The Public Park that Never Happened

For two decades, so-called Boch Park on Beach Road in Vineyard Haven has sat in a limbo made of court battles and subsequent, drawn-out negotiations between the Boch family and the town of Tisbury.

The scruffy condition of the parcel, which overlooks Vineyard Haven harbor, is a sad and continuing testament to a failure to reach resolution on what could be one of the bright spots of the town waterfront.

The Tisbury planning board has pinpointed the parcel as offering a number of potential uses, including a waterfront park, a stopping point on a harbor walkway, an outdoor market area and a partial solution for the Five Corners traffic nightmare.

The late Ernest Boch Sr., who bought the parcel in nineteen eighty seven, saw its potential for parking in a village center where spaces are hard to come by, although the lot is not zoned for commercial parking

In nineteen ninety three, the Tisbury planning board denied Mr. Boch’s application for a special permit to operate a valet parking lot. After a continuing tussle in the courts, the town finally won a definitive victory in two thousand to ban the valet parking lot.

Following Mr. Boch’s death in two thousand three, the town renewed discussions of the property with his son Ernest Boch Jr.

Tristan Israel, chairman of the Tisbury selectmen, said Mr. Boch wanted to work with the town to see if a plan could be put together to put the parcel into productive use. Possible ideas included the use of the Entwhistle building by a nonprofit organization and public access to the waterfront, tied to a lease of the property by the town from the Boch family.

The closed-door discussions have apparently been friendly. But the particular arrangement proposed by the Boch family posed complications for a town such as Tisbury, which would have to engage in a public bidding and town meeting process. The legal negotiations also have been moving at a snail’s pace.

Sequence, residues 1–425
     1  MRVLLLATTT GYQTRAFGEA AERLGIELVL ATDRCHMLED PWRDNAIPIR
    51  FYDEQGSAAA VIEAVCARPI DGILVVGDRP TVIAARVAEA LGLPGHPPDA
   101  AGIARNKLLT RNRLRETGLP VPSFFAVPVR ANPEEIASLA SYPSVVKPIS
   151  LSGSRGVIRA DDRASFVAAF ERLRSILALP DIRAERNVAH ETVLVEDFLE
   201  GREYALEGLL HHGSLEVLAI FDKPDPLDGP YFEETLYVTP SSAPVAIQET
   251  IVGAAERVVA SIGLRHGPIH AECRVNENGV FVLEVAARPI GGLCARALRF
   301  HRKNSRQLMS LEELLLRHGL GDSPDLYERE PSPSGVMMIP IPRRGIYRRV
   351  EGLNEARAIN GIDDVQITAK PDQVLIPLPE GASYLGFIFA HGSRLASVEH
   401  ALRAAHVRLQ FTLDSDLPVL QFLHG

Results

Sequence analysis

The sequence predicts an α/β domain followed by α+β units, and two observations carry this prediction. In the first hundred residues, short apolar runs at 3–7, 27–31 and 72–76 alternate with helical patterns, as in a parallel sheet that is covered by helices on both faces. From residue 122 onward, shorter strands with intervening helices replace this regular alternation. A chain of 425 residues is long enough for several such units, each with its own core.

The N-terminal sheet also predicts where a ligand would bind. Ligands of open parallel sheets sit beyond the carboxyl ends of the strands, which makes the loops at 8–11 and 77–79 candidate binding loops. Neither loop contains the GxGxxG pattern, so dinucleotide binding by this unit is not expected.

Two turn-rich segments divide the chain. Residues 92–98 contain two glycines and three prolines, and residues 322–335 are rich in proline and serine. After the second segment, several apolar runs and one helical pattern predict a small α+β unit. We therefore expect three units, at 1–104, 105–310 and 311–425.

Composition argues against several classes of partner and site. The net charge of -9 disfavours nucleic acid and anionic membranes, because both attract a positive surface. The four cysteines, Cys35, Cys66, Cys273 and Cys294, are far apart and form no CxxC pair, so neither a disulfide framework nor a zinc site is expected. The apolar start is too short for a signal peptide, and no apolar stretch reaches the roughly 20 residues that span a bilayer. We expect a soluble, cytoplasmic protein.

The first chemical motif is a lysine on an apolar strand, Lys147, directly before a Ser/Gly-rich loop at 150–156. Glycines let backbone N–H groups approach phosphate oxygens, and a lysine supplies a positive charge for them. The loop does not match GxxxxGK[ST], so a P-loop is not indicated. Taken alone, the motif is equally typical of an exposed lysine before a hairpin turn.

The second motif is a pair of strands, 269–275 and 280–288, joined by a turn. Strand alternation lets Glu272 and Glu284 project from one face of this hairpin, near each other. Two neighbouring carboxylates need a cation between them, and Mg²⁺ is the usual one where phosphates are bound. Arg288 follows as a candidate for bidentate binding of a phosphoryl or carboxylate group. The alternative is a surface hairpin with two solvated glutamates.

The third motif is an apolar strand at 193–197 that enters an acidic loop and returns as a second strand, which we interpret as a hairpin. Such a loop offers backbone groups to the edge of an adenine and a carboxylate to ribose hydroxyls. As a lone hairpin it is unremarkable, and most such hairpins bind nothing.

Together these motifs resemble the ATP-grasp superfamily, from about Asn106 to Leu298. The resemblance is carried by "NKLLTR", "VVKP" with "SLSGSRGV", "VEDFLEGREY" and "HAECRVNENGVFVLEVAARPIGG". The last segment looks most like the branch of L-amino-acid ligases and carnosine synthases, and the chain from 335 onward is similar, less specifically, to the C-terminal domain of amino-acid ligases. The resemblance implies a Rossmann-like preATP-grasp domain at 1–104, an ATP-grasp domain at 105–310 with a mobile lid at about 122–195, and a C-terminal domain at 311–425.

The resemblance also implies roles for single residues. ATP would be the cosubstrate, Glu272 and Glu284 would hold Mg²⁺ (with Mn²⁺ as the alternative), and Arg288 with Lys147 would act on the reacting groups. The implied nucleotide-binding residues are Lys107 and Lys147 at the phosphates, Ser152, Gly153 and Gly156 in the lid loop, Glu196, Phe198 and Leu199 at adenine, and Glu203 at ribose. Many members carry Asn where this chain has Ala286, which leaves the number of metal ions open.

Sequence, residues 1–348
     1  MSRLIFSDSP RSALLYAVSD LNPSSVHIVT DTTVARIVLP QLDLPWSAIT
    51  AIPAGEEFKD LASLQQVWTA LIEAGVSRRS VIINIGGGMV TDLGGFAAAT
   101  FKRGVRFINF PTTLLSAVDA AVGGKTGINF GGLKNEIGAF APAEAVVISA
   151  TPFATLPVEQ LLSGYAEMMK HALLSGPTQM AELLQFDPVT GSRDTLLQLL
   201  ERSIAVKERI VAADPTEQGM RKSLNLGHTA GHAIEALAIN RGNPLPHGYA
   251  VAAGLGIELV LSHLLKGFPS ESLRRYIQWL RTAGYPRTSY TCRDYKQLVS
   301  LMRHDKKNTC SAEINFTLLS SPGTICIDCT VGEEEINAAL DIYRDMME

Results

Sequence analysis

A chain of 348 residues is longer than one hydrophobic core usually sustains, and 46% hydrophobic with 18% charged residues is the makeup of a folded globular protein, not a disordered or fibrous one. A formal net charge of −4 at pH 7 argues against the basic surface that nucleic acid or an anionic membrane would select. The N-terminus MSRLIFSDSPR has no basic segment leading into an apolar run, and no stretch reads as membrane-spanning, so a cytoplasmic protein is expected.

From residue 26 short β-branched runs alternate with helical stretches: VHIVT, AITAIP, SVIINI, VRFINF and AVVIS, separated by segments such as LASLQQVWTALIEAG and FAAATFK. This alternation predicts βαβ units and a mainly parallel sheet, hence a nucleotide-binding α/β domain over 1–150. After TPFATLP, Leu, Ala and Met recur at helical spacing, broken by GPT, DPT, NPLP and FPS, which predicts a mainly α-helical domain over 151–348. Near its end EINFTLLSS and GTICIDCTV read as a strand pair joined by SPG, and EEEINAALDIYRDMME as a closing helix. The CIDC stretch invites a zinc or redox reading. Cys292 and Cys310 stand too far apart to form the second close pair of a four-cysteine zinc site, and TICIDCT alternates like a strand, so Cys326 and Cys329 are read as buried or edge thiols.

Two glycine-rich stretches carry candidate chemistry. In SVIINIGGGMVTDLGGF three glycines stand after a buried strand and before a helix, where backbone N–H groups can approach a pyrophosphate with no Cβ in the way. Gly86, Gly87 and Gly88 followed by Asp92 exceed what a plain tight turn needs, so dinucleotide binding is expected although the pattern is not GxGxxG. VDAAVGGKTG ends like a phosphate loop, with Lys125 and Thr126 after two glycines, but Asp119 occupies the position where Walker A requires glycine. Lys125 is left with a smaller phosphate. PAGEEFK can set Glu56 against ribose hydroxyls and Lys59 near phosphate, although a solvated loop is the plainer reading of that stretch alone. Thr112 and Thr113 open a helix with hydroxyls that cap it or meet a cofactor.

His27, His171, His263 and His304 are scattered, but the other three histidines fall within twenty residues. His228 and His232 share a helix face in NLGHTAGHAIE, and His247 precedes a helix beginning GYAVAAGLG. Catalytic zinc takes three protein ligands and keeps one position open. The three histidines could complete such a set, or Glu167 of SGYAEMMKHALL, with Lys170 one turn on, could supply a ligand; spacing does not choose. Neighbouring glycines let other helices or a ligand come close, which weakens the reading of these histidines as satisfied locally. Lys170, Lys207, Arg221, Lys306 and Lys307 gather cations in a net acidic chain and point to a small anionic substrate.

With no end apparently near, Mr. Israel recently announced that the selectmen have decided against further pursuit of a deal.

Slim strands of hope remain. The Martha’s Vineyard Land Bank could consider buying the parcel for public waterfront access. Or the town could choose to take the property by eminent domain — an attractive option at this point. But the selectmen may be reluctant to consider a taking given the penny-pinching mood among town voters at the annual town meeting this past spring when they turned down a large capital spending project for a new public safety building.

In the end the Boch family may decide to develop the parcel, and if they do, hopefully any development would provide some sort of public access or water views.

While the twenty-year saga of the property has been disappointing, the potential remains undiminished. The future may yet hold a happy outcome for Boch Park.